Selling vegetables collectively

About 1,120 women farmers in Gumla district of Jharkhand have come together under a women’s trust to sell their produce and find better markets, writes Deepanwita Gita Niyogi


Smallholder women farmers from 23 villages of Gumla district in Jharkhand have taken to vegetable cultivation under a farmer producer company which was formed in June last year. This is giving them easy access to markets and agricultural inputs as well as ensuring fair prices for their produce.

Apart from Gumla, the initiation of a farmer producer company (FPO) was also carried out in Khunti district of the state, which is 33 km from state capital Ranchi. Both are tribal-dominated districts where farmers often do not get quality seeds and fertilizers. As a
result, they were collectivised and linked to the market. The initiative is being supported by Walmart with technical assistance from Pradan, a non-profit which works with India’s rural communities.

Extra profit

Munni Oraon from Tigra village in Gumla used to cultivate paddy but shifted to the cultivation of vegetables for extra profit. Last year, she earned
22,000 by selling tomatoes only. Oraon informed that she used to cultivate marua (millet), paddy and urad. “I used to grow veggies only for household consumption and not for sale at all. But then I thought things over, deposited 12,000 in the trust and formally joined it. I handed over 1,500 kg of tomatoes to the mahila trust last year and also sold 500 kg worth 10,000 in the local market,” she said. Oraon, whose family consists of six members informed, that many smallholder farmers faced difficulties due to the pandemic situation. The farmer pointed out that many of us did not know where to sell our produce. But after joining the trust farmers have started getting a lot of benefits like easy labour and fertilisers. Most farmers are cultivating tomatoes, cabbages, cauliflowers and peas in Gumla.

Priska Bara from Khora Jamtoli village owns three acres of land, of which 60 decimals is being used for growing vegetables. Last year, she handed over 1,280 kg of tomatoes to the trust and sold 400 kg all by herself. “The price stood at 20-30 per kg for tomatoes. We could not even dream of growing veggies earlier but things have changed for the better,” she said.

Saroj Devi from Jungatoli village has a total of 90 decimals of land and on 30 decimals she cultivated tomatoes. “I grew tomatoes before monsoon last year and it was ready by September. After that I cultivated peas, cabbages and cauliflowers. Most farmers in the trust are women and there are a few men as well. We used to have problems but being in the trust is helpful,” she said. Devi was not sure if her produce would find a ready market during the COVID-19 pandemic. But she earned 23,000 as she is a member of the FPO named the Gumla Mahila Kisan Swavlamban Trust. Pradan staff working on the ground said that the women are clearly reaping benefits. When they wanted to start vegetable cultivation for sale, the FPO model was explained to them. Slowly, it is being hoped that the number of women will increase. Area manager Dilwan Barla said all the women in the FPO are farmers and they run the trust. Some of them are also board members. Lalita Devi, a woman farmer from Silambar Toli village in Raidih block of Gumla, is a board member. There are nine board members in total who run the trust and manage its daily affairs.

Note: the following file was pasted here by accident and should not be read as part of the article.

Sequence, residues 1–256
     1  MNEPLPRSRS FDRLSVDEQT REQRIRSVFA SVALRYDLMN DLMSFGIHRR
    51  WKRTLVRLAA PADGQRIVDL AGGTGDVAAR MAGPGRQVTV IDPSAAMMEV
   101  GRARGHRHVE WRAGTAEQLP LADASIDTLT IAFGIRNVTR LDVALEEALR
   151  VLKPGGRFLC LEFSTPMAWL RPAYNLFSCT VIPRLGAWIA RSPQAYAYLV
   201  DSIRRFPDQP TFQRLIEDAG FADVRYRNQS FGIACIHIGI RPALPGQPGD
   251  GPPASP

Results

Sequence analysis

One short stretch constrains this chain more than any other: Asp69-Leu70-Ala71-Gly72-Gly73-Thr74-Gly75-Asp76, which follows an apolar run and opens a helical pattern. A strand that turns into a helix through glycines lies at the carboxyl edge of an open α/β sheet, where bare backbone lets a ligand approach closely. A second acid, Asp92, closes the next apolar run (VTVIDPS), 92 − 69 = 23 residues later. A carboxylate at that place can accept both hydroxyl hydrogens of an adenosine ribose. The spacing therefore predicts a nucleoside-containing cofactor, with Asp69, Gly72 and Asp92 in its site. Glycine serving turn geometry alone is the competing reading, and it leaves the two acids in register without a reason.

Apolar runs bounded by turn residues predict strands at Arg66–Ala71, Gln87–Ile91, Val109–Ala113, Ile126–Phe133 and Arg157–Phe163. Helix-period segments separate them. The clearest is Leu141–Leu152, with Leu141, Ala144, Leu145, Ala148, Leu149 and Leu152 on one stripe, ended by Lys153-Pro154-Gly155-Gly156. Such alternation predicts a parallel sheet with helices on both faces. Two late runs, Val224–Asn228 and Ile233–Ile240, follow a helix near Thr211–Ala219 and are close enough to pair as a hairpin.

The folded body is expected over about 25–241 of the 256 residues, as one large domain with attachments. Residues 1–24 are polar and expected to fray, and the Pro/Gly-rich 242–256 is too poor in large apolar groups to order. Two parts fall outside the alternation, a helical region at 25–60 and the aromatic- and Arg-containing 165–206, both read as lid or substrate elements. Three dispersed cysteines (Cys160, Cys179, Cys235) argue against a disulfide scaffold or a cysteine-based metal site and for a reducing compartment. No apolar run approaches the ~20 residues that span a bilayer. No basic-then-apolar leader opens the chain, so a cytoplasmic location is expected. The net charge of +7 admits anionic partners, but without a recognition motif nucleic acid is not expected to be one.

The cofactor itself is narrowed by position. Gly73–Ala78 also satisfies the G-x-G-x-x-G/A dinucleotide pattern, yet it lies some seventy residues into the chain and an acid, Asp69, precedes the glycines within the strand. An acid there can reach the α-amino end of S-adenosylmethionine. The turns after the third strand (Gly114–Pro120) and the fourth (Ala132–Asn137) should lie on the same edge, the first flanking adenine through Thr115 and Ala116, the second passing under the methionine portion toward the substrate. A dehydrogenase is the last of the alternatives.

“We are following all the right methods and have been trained well to grow vegetables the right way for maximum production. All of us now possess adequate knowledge about the right amount of fertilisers to use and the preparation of beds before cultivation. Women are growing tomatoes and other vegetables. The aim is to find easy access to markets for them outside the district. We find it easy to sell our produce as all of us grow the same varieties. Farmers have to hand over 1,000 kg of peas to the trust, 1,650 kg of cabbages and cauliflowers and 1,850 of tomatoes.”


Principal scientist at CIMMYT ML Jat said that the FPO concept is sound and certainly gives farmers timely access to inputs. GV Ramanjaneyulu of the Centre for Sustainable Agriculture based in Hyderabad said that FPOs are ultimately cooperatives and they accept memberships. “Women are trained to take up businesses which help them earn additional income. Individual selling and buying is a costly affair. So, even big farmers are getting into cooperatives. Though new-age FPOs are doing better, they are also getting into the hands of corporate companies. However, aggregating produce can ultimately help farmers. India has a long history of cooperatives,” Ramanjaneyulu added. Rajeev Ranjan, who is in charge of the farm-based livelihood vertical at Pradan, explained that in remote areas of Jharkhand, farmers face great difficulty in getting quality inputs. Also, most areas are rain-fed with low irrigation facilities and migration is high.
So, collectivising farmers helped as smallholders need inputs in limited quantities as their lands are small in size. He added that crops which require minimal labour and can grow without irrigation were chosen as these are most suitable for smallholders. The problem is that most farmers on Jharkhand also focus on paddy which is labour intensive during monsoon and do not pay much attention to vegetables. But with the initiation of the FPO, things are turning around.